In examining women's offstage contributions to the professional theater and the ways in which their work was represented (and absented) onstage, Labors Lost complements several recent studies of the cultural significance of work in early modern England. Tom Rutter's Work and Play on the Shakespearean Stage (2008) studies changing conceptions of male labor in the drama and, like the present study, considers the theater "inextricably implicated in contemporary debates over what constituted legitimate forms of work and recreation." Yet Rutter devotes just a few pages of his study to women's work. Michelle Dowd's Women's Work in Early Modern English Literature and Culture (2009) analyzes literary and dramatic renderings of female service, wet-nursing, and huswifery but does not consider female labor in occupations that contributed to theatrical production. In contrast to Dowd's focus on women's domestic and unpaid labor, this book concentrates on women's work in a wide range of paid occupations in and around the commercial theaters. Finally, Laurie Ellinghausen's Labor and Writing in Early Modern England, 1567-1667 (2008) explores professional authorship as a vocation open to nonaristocratic men and women, including playwrights like Ben Jonson, an analysis upon which the present study builds in Chapter 5 by exploring its gendered dimension.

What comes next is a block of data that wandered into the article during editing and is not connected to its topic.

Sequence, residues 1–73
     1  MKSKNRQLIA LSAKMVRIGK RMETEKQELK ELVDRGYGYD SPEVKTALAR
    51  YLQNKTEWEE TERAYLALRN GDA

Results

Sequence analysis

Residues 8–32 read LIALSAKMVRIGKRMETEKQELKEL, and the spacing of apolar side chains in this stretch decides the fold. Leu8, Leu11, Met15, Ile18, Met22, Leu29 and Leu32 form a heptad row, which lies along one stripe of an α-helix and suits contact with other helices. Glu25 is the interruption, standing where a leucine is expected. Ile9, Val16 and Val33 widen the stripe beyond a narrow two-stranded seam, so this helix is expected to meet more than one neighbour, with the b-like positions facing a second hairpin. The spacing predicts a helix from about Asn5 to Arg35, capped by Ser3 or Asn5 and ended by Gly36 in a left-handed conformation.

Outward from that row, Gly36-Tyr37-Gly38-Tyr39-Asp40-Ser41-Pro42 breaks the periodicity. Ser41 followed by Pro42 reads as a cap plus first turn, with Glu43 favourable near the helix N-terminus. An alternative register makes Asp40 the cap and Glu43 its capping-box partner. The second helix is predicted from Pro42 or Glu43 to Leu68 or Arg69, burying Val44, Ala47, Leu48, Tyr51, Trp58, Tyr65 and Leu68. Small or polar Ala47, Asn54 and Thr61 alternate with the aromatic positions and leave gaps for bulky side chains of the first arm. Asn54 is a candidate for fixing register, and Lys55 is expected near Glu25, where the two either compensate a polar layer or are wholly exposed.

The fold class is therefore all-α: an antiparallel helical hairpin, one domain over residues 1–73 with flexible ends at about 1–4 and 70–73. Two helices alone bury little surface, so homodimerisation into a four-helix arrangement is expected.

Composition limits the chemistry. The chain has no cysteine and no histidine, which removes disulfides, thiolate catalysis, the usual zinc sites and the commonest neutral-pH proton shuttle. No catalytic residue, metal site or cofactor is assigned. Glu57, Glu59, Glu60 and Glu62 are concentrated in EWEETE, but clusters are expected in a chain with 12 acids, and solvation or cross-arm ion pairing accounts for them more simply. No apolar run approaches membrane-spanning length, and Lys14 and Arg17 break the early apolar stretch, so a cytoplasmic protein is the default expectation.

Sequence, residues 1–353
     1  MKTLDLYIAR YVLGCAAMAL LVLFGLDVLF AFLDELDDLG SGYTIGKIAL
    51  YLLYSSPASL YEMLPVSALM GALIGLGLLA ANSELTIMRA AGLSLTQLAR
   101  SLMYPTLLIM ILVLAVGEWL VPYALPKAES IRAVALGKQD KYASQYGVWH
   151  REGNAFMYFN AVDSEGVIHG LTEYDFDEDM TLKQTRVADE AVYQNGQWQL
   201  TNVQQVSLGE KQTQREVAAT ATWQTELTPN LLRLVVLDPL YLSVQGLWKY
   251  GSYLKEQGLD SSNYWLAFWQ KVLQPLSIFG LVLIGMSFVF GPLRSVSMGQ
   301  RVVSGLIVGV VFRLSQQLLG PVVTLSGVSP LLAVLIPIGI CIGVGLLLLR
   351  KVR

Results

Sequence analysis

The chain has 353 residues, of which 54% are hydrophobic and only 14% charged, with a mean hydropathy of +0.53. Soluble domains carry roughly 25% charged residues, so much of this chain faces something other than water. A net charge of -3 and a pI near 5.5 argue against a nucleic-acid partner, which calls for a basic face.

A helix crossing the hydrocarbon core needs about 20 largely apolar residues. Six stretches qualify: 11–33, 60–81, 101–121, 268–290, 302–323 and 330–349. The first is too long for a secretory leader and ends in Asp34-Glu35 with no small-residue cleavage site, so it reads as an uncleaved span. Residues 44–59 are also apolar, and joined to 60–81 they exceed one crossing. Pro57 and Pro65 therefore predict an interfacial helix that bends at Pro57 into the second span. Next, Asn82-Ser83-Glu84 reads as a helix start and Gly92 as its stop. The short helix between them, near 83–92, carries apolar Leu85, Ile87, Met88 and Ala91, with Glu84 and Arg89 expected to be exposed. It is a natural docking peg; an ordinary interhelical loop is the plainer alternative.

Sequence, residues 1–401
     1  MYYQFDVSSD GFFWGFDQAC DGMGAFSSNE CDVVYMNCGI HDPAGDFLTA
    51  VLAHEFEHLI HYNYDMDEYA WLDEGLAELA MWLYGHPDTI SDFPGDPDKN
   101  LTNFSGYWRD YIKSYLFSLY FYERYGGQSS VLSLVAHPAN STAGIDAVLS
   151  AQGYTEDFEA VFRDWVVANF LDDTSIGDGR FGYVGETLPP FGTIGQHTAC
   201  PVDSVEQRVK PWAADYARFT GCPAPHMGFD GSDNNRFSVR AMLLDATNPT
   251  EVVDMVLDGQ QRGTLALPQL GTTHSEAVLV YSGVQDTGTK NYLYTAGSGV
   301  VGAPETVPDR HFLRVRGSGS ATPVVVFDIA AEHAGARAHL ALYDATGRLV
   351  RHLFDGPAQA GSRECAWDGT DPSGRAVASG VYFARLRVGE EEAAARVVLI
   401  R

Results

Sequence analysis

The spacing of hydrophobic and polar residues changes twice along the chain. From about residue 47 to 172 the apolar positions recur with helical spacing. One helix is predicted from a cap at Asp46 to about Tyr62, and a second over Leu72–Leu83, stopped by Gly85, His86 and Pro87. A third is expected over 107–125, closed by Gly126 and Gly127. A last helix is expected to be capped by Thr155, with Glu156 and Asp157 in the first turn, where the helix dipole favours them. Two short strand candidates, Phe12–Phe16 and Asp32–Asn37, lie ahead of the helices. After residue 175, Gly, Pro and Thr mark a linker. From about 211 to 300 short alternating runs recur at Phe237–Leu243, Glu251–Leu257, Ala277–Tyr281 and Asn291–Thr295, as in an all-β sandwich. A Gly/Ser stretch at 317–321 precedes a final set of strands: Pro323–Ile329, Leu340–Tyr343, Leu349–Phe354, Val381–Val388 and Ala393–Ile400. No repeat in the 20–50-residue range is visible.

Recent scholarship on women's contributions to theatrical culture in pre-Restoration England has hitherto concentrated primarily on female "players" or performers, including aristocratic women's performances in court and household entertainments and itinerant women performers in the provinces, and has thereby left largely intact the paradigm of the "all-male" professional theater in London. Labors Lost seeks to revise this paradigm by revealing the participation of ordinary working women in theatrical culture and commerce at the center of England as well as on the periphery. The analyses of women's work in the networks of commerce surrounding the public and private theaters in London and their dramatic renderings found in this book likewise contribute to recent work on the staged metropolis. Jean Howard's important study of the emergent genre of city comedy and its varied progeny in Theater of a City: The Places of London Comedy, 1598-1642 (2007), like her broader corpus of work, has contributed to our understanding of the ways in which the theater made sense of an expanding metropolis and the new forms of gendered subjectivity to which it gave rise. While city comedies feature prominently in several chapters of the present study, I also consider dramatic genres not ordinarily associated with the staged city, suggesting that they, too, were influenced by the presence of working women in and around the theaters.